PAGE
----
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Frequently Asked Questions (F.A.Q.)

What does a digital diet tech do?

A nutrition and dietetics technician, registered (NDTR for short) is nationally credentialed as a food and nutrition technical practitioner. This means that an NDTR is trained and educated at the technical level of nutrition and dietetics practice. 

NDTRs ensure the delivery of quality food and nutrition services, including but not limited to: 

  • safety

  • cultural competency

  • healthcare

  • food service management teams

Traditional Diet Techs

Under the direct supervision of dietitians while practicing nutrition care, NDTRs generally work in the following settings: 

  • Hospitals

  • Clinics

  • Nursing homes

  • Retirement centers

  • Hospices

  • Home health-care programs

  • Research facilities

 

When visiting a dietitian, diet techs may be the first providers you see. They often participate in intake and assessment, such as measurement or taking patient history.

Digital Diet Techs

Digital diet techs help to bridge the gaps in dietetics practice. According to the Academy of Nutrition and Dietetics, technology is "entering into mainstream practice."

Utilizing technology for optimal healthcare is achievable. Digital diet techs function as virtual dietitian assistants to help professionals and providers to improve patient care.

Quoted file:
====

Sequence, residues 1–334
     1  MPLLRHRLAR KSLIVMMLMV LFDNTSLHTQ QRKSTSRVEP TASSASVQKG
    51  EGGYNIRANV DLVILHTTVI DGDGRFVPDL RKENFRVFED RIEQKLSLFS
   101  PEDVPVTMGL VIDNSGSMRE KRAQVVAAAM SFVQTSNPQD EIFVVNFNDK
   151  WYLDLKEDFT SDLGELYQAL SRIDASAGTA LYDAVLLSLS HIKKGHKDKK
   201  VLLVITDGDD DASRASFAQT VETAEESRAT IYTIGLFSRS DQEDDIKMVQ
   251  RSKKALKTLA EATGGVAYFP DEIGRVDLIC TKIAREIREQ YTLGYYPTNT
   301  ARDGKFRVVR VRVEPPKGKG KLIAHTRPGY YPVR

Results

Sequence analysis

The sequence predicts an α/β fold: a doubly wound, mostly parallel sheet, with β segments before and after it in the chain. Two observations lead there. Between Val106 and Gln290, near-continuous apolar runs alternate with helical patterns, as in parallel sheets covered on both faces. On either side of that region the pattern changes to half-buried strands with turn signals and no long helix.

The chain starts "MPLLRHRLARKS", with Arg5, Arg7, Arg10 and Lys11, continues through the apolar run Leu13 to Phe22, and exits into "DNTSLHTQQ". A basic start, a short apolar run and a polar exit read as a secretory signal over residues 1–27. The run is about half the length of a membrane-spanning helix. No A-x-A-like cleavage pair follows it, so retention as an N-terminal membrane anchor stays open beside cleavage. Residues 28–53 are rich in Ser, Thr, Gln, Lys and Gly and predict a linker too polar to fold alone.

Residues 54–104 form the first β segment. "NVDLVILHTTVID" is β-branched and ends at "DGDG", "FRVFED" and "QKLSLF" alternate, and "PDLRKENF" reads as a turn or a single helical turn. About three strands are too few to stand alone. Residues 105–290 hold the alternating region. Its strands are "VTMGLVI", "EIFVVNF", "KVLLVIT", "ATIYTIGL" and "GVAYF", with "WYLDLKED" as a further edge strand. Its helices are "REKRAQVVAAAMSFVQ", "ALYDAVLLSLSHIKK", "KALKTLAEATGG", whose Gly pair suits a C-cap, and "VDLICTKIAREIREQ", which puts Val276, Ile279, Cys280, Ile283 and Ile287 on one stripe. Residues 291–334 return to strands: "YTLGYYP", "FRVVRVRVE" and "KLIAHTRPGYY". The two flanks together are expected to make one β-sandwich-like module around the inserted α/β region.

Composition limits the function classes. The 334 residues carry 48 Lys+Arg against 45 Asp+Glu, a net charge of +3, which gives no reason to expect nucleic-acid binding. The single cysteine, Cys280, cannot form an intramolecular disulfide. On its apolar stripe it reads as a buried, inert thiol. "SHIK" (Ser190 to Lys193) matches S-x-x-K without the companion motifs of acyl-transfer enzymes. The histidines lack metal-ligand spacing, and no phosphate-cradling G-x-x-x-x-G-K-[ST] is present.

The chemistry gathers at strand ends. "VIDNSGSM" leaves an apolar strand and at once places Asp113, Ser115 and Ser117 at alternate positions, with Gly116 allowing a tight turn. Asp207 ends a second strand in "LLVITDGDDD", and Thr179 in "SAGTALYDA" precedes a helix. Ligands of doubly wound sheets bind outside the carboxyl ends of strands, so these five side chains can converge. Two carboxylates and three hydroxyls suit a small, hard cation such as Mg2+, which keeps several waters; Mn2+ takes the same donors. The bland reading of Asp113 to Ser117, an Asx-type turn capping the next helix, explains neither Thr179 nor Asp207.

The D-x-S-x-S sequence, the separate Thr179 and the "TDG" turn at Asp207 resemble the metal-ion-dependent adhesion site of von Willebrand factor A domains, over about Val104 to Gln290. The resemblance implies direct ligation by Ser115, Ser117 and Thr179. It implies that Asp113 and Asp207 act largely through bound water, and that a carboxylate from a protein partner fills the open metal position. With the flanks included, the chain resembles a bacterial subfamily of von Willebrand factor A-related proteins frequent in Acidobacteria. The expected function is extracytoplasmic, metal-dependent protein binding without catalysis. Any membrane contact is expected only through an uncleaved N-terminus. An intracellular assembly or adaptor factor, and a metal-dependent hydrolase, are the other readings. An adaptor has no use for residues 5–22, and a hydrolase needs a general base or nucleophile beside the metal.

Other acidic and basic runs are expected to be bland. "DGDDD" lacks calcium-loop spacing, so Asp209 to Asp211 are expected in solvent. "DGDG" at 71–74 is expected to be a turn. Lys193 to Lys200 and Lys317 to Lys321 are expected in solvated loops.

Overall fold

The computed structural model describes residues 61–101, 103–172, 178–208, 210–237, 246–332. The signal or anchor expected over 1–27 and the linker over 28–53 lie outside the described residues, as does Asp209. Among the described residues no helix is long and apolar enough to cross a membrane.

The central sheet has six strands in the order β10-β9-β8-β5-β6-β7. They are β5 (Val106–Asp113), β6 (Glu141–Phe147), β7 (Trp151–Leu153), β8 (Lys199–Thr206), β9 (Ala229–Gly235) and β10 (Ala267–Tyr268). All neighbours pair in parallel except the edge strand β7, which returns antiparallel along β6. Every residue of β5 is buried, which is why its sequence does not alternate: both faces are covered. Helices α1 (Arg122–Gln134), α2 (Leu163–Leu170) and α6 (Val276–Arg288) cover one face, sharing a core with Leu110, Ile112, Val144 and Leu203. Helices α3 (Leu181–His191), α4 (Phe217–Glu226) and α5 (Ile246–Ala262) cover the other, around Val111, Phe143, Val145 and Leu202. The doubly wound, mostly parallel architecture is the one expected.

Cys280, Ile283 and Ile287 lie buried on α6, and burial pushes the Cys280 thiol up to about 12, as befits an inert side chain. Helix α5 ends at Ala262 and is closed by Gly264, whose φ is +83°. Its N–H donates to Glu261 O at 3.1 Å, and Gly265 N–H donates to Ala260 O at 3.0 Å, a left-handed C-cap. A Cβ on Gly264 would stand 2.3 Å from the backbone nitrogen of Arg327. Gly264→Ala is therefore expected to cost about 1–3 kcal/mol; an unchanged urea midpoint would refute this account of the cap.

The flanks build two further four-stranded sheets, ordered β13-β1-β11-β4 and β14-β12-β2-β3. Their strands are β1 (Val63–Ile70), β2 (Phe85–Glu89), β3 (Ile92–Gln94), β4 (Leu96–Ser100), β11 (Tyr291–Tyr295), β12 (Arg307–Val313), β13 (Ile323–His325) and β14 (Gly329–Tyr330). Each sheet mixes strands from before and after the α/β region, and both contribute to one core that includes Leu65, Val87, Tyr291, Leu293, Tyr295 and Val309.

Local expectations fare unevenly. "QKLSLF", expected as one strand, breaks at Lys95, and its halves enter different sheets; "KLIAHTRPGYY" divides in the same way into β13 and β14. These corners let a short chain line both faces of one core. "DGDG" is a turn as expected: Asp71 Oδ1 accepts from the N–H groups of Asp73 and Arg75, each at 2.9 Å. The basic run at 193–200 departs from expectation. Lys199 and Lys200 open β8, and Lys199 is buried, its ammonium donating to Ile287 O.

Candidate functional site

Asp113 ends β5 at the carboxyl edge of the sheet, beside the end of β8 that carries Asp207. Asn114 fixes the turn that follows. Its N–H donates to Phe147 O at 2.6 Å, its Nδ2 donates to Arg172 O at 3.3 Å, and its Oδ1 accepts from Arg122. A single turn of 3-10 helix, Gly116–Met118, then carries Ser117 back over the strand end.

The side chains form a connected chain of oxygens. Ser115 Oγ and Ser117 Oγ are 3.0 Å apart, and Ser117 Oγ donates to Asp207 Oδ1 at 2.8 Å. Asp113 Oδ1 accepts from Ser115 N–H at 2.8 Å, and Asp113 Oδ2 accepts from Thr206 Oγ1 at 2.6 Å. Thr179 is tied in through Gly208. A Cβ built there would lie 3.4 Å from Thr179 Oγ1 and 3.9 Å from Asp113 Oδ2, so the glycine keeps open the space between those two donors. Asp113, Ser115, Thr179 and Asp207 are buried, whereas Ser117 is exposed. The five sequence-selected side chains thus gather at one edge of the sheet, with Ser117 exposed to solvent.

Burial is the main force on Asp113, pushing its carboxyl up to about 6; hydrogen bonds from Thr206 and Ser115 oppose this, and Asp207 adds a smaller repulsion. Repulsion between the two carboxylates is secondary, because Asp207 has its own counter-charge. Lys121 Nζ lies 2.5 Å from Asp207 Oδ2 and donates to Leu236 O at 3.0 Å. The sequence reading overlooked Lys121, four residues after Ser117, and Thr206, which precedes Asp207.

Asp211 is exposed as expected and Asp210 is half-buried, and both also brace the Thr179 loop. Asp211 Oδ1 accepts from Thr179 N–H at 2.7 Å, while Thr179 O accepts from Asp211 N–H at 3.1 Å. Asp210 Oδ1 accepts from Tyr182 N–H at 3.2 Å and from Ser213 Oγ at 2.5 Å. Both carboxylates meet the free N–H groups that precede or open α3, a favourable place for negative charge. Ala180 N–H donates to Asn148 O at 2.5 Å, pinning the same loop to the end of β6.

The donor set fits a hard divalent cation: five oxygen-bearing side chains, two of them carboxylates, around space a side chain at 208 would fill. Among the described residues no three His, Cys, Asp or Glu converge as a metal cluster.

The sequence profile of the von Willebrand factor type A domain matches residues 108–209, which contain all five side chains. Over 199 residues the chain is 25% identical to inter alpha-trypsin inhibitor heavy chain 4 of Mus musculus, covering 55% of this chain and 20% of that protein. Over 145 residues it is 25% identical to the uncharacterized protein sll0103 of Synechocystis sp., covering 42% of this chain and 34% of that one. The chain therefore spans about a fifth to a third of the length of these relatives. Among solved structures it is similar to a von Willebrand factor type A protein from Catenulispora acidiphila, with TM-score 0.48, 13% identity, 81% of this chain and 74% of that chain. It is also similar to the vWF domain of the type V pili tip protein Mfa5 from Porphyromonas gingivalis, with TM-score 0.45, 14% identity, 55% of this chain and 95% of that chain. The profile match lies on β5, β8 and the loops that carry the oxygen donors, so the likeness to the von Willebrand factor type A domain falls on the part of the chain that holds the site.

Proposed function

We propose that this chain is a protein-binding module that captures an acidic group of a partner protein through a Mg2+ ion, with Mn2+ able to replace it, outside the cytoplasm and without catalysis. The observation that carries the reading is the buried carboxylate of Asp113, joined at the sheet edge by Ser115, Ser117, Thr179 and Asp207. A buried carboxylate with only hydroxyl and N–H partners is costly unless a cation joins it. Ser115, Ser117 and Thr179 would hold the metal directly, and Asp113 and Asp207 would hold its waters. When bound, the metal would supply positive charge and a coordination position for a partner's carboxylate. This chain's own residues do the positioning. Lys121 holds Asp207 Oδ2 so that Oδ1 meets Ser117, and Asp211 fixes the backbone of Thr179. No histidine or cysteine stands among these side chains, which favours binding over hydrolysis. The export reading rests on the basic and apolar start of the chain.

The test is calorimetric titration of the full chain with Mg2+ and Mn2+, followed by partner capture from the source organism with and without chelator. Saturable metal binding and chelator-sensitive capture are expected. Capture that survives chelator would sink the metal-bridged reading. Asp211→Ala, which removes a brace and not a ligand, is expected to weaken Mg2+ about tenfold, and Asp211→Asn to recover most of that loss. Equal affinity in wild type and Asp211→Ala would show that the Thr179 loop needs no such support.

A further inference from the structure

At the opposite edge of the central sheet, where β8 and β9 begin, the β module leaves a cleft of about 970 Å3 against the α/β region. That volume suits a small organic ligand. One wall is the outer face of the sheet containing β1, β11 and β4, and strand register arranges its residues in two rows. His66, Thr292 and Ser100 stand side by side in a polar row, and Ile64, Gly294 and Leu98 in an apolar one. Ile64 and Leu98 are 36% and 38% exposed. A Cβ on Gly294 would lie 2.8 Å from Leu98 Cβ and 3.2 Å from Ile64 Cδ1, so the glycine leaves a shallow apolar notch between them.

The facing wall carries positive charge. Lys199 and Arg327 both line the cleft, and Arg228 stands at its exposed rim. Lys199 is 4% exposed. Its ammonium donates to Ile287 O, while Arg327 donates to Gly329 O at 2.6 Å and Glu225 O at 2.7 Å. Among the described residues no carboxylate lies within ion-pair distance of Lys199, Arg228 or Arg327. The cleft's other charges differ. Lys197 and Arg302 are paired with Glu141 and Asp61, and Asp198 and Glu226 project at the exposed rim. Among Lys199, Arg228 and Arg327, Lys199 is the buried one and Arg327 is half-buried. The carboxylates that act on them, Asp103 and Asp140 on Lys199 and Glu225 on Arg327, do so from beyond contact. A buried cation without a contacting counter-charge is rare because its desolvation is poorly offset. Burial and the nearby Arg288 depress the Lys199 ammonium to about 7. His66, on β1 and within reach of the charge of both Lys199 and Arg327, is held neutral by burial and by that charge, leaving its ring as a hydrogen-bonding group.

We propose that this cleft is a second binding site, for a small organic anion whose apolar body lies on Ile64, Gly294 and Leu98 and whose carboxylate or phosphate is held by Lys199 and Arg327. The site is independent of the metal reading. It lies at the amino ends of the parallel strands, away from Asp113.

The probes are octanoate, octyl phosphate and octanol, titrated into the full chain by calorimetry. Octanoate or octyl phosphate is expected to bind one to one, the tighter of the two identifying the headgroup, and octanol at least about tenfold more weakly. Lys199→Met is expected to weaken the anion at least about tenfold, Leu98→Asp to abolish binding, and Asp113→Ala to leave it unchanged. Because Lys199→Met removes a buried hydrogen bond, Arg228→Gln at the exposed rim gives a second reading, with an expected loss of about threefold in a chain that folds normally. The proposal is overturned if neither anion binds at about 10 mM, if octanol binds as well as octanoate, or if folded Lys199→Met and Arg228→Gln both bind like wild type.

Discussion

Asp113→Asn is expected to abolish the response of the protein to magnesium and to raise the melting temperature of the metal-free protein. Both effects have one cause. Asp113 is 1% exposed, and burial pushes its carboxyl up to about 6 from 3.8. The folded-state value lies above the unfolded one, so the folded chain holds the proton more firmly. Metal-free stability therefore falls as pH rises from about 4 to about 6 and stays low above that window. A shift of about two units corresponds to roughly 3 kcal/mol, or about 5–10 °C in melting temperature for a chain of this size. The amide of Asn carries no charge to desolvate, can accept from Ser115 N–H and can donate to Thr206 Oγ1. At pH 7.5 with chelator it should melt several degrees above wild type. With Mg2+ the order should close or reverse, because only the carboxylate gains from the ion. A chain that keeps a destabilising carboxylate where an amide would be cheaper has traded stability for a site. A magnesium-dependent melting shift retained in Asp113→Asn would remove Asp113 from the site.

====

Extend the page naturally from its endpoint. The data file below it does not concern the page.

Digital diet techs can improve efficiency and productivity by working smarter and working hard. 

Do you follow a specific diet?

Nope! I try to eat as balanced as possible. The only real "rule" I follow is to avoid foods that are inflammatory to me personally when I can. Other than that, I try to enjoy nourishing, whole foods as often as possible. 

What services do you offer?​

I offer several services, including copywriting, blogging, branding, and more! You can access my portfolios by clicking here or book a session with me by clicking here. I also create lots of free resources for patients in my Free Resource Library

What is one thing I can do right now to eat better?

Balance your plate with a variety of fruits, vegetables, and other nutritious food! Focusing on fiber-rich, protein-packed, "healthy" fat foods can help you feel full for longer. Try adding whole grains, seeds, nuts, and more lean protein to your diet today! 

What type of education is needed to become a diet tech (NDTR)?

An NDTR must complete a program accredited by the Academy of Nutrition and Dietetics. This program requires a certain amount of practice hours. Then, a certification exam must be passed and continuing education credits completed every few years. 

Are a diet tech and dietitian (RD) the same thing? 

No. Dietitians must complete a dietetic internship (DI) following graduation from an accredited program and pass the registered dietitian exam before becoming an RD. They also must complete continuing education credits to hold an active license in their state of practice. 

What is better, becoming a dietitian or a diet tech?

Generally, NDTRs are more familiar with the technical tasks of the field such as screening and assessment. RDs are qualified to evaluate, diagnosis, and prescribe interventions during the medical nutrition therapy process. Both are considered experts in the field.​

I want to lose weight - what should I do?

Cultivate an abundance mindset, and focus more on what you CAN eat than what you can't. Fear-based eating isn't a healthy way to live. Focusing on whole, nourishing foods helps to train the mind to choose fuel over foods that harm. 

Still have questions?

Ask me "Anni"-things here. 

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